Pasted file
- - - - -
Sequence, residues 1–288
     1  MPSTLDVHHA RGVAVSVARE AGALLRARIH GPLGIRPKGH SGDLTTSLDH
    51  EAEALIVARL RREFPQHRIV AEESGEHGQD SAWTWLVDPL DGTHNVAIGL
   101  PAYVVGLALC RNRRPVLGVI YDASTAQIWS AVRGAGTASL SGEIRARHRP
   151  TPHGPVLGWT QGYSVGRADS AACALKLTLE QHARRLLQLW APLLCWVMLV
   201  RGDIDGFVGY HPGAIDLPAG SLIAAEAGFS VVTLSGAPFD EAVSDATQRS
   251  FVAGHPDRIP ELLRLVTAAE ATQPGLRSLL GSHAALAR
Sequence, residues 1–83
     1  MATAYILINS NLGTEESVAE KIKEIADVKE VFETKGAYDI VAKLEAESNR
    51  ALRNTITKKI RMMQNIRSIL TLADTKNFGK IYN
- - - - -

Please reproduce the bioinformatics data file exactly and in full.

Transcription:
Sequence, residues 1–288
     1  MPSTLDVHHA RGVAVSVARE AGALLRARIH GPLGIRPKGH SGDLTTSLDH
    51  EAEALIVARL RREFPQHRIV AEESGEHGQD SAWTWLVDPL DGTHNVAIGL
   101  PAYVVGLALC RNRRPVLGVI YDASTAQIWS AVRGAGTASL SGEIRARHRP
   151  TPHGPVLGWT QGYSVGRADS AACALKLTLE QHARRLLQLW APLLCWVMLV
   201  RGDIDGFVGY HPGAIDLPAG SLIAAEAGFS VVTLSGAPFD EAVSDATQRS
   251  FVAGHPDRIP ELLRLVTAAE ATQPGLRSLL GSHAALAR
Sequence, residues 1–83
     1  MATAYILINS NLGTEESVAE KIKEIADVKE VFETKGAYDI VAKLEAESNR
    51  ALRNTITKKI RMMQNIRSIL TLADTKNFGK IYN